The largest and most easily recognized woodpecker in North America is the Pileated Woodpecker. If you have ever wondered what the adjective pileated means, it simply means “capped,” or, in ornithological terms, having a crest of feathers from the beak to the nape of the neck. The word comes from an ancient conical hat from the Mediterranean region known as a pileum.
While humans tend to complain when a woodpecker decides to pursue dinner in their cedar house siding, other creatures don’t. The holes woodpeckers drill in pursuit of ants—be it in trees, telephone poles, or wherever—are in high demand by other creatures. Smaller woodpeckers, wrens, and other small birds will follow along and clean up whatever insects the Pileated woodpeckers missed. When it comes to their rectangular nesting cavities, the woodpeckers will sometimes allow small bats and chimney swifts to share the hole with them. And after they’ve moved out—as they rarely use the same cavity twice—the old nesting sites become prime real estate for screech owls, bluebirds, wood ducks, raccoons, and other critters.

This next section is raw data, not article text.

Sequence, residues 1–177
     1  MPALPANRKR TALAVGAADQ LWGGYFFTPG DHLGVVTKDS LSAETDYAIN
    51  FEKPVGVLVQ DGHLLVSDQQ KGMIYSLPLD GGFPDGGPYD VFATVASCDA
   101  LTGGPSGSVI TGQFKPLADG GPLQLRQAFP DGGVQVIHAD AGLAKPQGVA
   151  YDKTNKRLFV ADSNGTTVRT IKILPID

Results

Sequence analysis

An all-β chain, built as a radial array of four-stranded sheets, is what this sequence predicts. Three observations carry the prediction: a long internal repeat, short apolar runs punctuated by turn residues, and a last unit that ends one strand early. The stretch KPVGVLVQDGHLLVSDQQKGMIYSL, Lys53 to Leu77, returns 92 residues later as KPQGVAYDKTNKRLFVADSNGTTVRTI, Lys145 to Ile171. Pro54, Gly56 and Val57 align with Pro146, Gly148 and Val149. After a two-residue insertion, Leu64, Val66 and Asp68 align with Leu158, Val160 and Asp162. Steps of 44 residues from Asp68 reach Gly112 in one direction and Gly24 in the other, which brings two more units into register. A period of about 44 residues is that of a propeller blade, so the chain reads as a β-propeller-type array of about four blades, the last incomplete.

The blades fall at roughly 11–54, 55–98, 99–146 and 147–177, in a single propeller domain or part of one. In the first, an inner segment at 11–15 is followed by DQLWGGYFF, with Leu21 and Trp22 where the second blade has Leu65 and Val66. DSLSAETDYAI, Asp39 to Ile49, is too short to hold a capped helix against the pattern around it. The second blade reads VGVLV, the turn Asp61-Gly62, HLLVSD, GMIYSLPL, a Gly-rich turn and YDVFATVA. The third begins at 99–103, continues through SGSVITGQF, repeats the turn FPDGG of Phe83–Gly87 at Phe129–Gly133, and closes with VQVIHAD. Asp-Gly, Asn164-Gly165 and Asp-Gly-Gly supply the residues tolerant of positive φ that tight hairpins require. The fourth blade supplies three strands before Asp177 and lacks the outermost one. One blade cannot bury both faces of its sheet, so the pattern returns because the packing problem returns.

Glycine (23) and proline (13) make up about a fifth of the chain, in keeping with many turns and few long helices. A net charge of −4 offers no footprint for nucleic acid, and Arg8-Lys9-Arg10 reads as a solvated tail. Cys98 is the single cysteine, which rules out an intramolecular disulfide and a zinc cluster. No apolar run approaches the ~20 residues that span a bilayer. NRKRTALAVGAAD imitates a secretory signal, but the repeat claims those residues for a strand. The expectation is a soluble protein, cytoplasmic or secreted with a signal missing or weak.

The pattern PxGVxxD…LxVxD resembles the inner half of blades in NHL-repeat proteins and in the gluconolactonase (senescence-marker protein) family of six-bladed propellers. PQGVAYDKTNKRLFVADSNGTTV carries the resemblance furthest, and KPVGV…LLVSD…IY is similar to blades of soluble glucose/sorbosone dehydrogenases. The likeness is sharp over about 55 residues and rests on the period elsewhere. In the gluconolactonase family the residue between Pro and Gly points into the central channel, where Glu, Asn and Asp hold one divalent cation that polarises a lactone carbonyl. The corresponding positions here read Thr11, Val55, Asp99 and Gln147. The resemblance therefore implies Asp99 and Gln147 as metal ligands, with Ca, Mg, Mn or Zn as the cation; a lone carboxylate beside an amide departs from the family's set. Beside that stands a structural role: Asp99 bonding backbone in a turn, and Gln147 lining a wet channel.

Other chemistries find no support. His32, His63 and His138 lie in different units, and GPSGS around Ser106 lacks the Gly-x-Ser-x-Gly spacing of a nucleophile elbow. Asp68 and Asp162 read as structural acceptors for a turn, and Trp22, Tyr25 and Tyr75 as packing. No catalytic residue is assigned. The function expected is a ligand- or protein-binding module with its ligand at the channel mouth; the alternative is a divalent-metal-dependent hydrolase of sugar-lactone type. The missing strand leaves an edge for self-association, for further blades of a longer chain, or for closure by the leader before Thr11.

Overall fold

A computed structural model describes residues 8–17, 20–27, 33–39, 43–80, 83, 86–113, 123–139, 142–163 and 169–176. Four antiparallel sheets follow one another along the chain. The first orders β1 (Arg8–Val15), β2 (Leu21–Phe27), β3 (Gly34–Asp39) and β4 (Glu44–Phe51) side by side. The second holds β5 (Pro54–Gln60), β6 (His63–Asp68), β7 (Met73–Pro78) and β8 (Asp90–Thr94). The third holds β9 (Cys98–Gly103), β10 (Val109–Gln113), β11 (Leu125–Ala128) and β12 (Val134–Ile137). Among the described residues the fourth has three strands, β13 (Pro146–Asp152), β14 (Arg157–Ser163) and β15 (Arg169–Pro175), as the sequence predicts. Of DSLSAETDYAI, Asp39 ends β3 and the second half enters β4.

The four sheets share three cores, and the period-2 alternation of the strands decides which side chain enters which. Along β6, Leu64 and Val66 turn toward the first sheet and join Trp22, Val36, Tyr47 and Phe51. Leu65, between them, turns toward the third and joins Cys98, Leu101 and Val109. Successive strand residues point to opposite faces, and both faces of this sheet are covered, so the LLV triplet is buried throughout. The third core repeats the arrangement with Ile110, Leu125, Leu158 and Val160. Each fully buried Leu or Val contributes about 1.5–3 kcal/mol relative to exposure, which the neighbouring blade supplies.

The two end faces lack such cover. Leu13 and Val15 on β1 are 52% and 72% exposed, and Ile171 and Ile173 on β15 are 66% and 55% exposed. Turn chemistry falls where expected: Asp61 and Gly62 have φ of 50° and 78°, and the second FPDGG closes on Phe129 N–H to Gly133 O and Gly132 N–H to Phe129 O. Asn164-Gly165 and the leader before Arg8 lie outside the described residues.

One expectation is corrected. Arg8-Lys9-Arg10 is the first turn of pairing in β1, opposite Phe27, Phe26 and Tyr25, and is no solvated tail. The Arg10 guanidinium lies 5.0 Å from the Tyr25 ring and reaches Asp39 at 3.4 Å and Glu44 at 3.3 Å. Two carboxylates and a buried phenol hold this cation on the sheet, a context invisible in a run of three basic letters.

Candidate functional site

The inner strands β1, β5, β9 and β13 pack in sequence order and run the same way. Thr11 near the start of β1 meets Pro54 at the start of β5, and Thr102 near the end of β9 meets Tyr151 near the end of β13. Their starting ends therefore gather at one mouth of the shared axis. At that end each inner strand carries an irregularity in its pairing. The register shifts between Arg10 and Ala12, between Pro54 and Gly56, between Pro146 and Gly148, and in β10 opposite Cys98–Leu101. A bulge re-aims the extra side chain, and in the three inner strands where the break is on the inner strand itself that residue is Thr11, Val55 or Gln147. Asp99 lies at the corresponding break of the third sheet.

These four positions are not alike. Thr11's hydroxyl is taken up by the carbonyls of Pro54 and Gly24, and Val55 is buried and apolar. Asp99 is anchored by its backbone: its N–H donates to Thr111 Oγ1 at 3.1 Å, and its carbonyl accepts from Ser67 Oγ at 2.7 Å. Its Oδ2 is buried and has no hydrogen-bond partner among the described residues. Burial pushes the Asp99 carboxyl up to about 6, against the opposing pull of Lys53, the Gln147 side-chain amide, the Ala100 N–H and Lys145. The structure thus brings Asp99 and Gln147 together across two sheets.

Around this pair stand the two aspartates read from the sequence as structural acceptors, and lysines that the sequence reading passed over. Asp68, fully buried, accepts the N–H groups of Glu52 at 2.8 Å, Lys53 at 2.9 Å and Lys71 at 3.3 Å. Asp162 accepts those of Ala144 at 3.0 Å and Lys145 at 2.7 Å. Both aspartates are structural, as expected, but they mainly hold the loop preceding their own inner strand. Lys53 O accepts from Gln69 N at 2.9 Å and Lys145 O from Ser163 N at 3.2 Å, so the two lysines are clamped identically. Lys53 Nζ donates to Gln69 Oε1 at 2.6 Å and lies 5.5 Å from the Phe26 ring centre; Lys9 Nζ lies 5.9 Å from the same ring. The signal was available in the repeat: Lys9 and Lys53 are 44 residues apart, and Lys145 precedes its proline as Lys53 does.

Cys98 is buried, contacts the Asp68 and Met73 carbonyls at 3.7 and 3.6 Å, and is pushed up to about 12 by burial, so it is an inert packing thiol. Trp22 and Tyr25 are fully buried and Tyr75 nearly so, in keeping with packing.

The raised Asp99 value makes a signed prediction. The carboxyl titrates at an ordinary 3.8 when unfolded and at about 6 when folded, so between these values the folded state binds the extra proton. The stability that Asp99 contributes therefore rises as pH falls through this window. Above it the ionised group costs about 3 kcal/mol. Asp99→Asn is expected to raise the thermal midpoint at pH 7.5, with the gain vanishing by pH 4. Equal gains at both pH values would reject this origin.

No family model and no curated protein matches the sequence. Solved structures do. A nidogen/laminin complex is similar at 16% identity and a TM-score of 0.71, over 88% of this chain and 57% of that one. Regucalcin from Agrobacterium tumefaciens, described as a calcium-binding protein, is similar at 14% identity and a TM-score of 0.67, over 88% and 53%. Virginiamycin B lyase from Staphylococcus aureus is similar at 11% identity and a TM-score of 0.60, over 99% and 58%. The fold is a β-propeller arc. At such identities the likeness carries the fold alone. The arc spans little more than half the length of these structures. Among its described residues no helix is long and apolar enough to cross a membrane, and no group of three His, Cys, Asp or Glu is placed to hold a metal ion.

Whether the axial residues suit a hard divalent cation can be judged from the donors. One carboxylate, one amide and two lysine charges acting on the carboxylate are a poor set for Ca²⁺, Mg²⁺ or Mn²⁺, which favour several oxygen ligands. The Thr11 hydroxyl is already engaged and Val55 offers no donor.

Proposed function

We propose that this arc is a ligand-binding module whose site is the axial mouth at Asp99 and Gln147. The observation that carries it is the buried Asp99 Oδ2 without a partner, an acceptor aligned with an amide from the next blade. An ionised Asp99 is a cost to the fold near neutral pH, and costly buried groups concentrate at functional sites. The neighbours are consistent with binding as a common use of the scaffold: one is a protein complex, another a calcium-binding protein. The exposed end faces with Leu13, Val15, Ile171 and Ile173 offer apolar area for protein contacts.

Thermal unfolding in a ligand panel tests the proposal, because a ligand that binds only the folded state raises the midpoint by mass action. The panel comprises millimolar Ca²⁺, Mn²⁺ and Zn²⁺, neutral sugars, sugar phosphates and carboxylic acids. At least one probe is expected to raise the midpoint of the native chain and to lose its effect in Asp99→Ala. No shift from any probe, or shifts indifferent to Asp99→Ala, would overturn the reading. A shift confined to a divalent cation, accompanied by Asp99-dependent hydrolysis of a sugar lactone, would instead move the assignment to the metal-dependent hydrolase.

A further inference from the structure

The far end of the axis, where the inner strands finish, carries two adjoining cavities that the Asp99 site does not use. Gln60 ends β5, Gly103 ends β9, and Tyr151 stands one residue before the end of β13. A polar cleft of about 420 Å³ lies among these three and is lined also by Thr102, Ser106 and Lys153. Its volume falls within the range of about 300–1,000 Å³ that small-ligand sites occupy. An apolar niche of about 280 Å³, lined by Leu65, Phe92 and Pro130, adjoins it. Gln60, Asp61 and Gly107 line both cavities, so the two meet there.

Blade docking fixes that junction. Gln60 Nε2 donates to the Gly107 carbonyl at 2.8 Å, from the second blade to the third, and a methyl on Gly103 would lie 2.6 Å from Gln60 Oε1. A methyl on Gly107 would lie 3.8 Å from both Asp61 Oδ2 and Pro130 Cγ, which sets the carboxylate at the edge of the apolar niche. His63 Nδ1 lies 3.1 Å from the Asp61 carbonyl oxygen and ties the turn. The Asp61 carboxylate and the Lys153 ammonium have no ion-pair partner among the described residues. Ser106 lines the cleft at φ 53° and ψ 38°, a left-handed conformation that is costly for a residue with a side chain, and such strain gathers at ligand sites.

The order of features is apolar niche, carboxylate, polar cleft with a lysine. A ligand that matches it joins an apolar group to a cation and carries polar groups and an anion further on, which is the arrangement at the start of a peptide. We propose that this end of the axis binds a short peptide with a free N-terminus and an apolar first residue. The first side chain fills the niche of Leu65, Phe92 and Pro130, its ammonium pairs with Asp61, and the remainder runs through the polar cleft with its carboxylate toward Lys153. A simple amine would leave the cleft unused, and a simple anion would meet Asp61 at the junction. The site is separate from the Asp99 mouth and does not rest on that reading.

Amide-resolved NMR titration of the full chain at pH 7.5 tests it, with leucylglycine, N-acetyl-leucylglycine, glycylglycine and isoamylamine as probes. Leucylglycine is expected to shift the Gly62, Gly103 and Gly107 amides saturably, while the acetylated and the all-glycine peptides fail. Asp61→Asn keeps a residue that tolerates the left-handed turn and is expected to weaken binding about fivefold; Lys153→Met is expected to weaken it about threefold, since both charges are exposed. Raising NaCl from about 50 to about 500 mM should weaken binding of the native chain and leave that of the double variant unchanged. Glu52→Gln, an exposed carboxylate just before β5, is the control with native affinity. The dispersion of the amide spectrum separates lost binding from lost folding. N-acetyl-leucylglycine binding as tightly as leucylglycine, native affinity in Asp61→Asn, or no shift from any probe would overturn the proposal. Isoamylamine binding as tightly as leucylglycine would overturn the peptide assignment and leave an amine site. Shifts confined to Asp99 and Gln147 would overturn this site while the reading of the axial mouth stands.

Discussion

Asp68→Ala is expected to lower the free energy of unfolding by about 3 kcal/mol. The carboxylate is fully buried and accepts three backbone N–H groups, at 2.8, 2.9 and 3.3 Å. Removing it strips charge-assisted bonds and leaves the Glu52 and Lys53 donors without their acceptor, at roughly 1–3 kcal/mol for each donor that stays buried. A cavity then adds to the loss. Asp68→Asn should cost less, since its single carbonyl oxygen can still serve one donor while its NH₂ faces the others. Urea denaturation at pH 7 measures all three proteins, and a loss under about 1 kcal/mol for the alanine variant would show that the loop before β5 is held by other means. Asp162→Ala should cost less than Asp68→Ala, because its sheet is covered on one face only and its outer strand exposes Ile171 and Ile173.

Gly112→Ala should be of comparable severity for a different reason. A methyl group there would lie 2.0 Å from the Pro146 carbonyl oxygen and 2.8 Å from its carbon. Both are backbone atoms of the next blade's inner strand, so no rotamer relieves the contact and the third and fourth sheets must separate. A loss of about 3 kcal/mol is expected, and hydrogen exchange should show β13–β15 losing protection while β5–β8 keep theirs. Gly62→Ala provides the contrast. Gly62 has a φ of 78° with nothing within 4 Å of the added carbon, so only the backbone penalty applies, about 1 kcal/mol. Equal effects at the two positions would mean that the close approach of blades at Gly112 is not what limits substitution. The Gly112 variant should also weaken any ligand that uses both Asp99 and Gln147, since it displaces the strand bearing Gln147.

Do you like the larger-than-life Pileated Woodpecker? Purchase a card with him here!
Minnesota Birds Collection$16.00